After the debacle of the offer for a Victorian on Juniper Ave, I took a step back and started thinking of a new approach. The idea of a Victorian in Wildwood is appealing, but the bulk of the town's old housing stock is more modest 1920s and 1930s cottages. In addition to the Doo Wop motels, these small, modest houses also get knocked down to put up obnoxious new plastic condos. I had seen a few of this smaller bungalows and Foursquares, and decided against them to pursue a Victorian. After failing on my last 2 Victorians, I kind of got soured on Wildwood and I started looking elsewhere just for fun. I ended up finding an amazing house up in Stroudsburg, PA. More on that in another post, but I realized that with the lower prices in Stroudsburg, I could buy a Victorian there and then have enough left over to try and buy a more modest house in Wildwood for cash.
I convinced myself this approach seemed better because the thought of Wildwood and the rest of the Jersey Shore disappearing in a few decades has started to weigh on me. With sea levels rising and the fact that New Jersey's land is also sinking, I've been reading lots of reports of how the Jersey Shore barrier islands will be gone in a few decades. The idea of restoring a Victorian to watch it fall into the ocean when I'm in my 80s seems depressing. The other issue with buying a beat up house in Wildwood is securing a mortgage. If you are looking to get a fixer-upper, there could be enough issues to not be able to get a mortgage. Also, from some research, if the house is in bad shape, the insurance could be a lot higher which is required if you have a mortgage.
There are ways around it if you use a Homestyle mortgage, but that requires more overhead because you need to get more inspections, line up contractors, and get work approved. I don't want to be rushed into any fixes because I want to make historically accurate repairs, not just slap on a new roof and vinyl siding to make the house livable. I started thinking of trying to buy a cheaper and beat up house for cash and not have to deal with insurance, mortgage, and certificate of occupancy issues. That way I could fix the house up on my own timeline without the Man breathing down my neck.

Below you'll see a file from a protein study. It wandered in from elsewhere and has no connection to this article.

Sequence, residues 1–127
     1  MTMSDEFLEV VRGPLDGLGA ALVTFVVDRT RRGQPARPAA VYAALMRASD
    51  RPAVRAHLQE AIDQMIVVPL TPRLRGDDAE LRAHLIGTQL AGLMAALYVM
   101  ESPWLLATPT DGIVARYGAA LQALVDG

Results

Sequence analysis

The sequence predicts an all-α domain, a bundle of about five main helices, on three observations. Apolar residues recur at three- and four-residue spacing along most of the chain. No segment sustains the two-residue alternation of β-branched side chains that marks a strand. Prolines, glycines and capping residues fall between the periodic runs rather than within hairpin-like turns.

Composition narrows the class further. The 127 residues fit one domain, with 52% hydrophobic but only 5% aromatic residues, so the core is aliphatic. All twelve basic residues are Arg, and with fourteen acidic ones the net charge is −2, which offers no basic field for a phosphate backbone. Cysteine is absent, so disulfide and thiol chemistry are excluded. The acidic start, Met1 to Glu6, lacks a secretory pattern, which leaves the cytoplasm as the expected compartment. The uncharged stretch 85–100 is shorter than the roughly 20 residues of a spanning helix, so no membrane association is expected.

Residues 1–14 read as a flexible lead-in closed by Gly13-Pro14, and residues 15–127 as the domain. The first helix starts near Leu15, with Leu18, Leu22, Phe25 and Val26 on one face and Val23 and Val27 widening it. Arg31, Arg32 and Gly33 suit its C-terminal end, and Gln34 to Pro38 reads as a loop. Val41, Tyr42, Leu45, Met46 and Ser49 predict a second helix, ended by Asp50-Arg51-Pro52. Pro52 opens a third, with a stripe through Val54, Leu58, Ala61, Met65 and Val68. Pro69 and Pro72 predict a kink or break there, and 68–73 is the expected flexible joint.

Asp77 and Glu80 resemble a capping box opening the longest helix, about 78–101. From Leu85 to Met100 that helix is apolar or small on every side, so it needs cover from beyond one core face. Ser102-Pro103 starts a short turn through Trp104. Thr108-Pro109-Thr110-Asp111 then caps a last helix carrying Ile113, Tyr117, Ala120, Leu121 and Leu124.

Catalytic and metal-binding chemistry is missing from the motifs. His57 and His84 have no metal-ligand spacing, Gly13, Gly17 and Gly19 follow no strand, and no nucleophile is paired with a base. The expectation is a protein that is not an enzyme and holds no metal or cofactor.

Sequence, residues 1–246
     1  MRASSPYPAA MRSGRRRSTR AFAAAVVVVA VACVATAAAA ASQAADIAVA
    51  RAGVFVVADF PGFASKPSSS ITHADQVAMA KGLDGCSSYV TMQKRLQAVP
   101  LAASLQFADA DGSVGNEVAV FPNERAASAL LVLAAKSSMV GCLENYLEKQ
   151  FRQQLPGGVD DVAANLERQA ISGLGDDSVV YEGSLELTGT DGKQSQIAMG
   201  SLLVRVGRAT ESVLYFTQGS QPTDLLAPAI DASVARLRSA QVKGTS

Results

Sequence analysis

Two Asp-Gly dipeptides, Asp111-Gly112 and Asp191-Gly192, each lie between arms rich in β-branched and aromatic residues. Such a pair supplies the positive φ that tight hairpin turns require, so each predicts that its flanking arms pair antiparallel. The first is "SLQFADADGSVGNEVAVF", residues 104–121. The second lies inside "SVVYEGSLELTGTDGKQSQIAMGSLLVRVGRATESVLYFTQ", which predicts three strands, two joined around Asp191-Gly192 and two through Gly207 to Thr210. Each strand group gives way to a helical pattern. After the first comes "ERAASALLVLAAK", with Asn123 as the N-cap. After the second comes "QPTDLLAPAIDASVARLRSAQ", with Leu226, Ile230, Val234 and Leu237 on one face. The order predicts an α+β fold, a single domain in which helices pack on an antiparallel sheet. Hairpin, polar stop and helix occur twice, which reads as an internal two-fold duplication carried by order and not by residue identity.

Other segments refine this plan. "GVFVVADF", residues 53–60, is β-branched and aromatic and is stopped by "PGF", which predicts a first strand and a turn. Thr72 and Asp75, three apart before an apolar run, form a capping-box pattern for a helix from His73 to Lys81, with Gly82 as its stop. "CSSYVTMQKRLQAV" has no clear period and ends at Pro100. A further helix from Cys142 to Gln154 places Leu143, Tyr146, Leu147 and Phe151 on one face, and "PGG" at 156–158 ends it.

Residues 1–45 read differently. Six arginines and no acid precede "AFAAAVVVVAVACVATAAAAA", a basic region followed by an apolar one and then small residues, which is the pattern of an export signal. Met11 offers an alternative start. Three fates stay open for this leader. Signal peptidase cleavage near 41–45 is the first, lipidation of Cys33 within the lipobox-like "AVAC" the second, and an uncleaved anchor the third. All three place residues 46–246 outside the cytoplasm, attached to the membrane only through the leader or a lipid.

I started looking at houses in a lower range and found a beat up 1920s bungalow. I toured the house with my agent and it was in rough shape, but not trashed. When we first arrived for the viewing, it was a bit weird because the listing agent wasn't local to Wildwood. There was a lockbox, but also a padlock. Problem was no key for the padlock. We called the listing agent for advice, but were routed into a computer operator. While we were on hold, I saw a key on the ground and that ended up opening the padlock. Inside, the place looked like it had potential to be restored to a nice 1920s Arts and Crafts bungalow. The price was 150K which was a bit high, so I put the house on the back-burner.
A week later, I started thinking of the Victorian up in the Poconos, but got an alert that they dropped the price on the Wildwood bungalow to 90K. I had the idea to try and grab both houses. Get a mortgage for the Victorian and then make a low cash offer for the bungalow. If I played it right, I could potentially get both for less the price of the Juniper Victorian. I called my agent to float a cash offer of 60K to the agent. Here's where things got weird. My realtor was unable to reach the agent for the house and kept getting an answering machine and no one would return her calls. As mentioned the agent wasn't local to the area, so they had no relationship with the Wildwood realtors.
I started doing some digging on the listing agent. She was from a company called "REALHome Services and Solutions". Hmm, Real homes as opposed to the bad fake homes. They had a website but it was generic and was servicing many states, not just NJ. I googled the listing agent and no website which is weird in this era. I did get her Linkedin profile with title of "Entrepreneurial Professional Executive". I did some more digging on REALHome Services and found a contact in a temporary office in NJ and an email. I sent an email saying I wanted to put an offer in on the house, but we couldn't find anyone to talk to.
In their defense, I did receive a response, but they directed me to a site where I could put in my offer: https://www.hubzu.com
I went to the site and sure enough saw the house listed. Problem is that the site is a real estate auction site for bank-owned properties. I started reading up on hubzu.com and it had a very vocal group of people who said it was a scam. A few people defended it, but I would say it was about 80% negative. The bungalow was listed as "Auction Ended", but the agent told me to make a bid on hubzu.com because the banks would review back-up bids even if the auction had ended. This sounded in line with the complaints I read where people complained the auctions would be restarted to get the highest bids. Since the site doesn't let you see any prices, I decided to register and try bidding 60K. After submitting the bid, it was rejected saying the minimum bid was 145K. Hmm, that's closer to the original asking price. But if you go to the MLS sites, the house is listed at 90K. Since that all seemed shady, I let my agent know to give up on that house and moved on to focus on the Stroudsburg Victorian.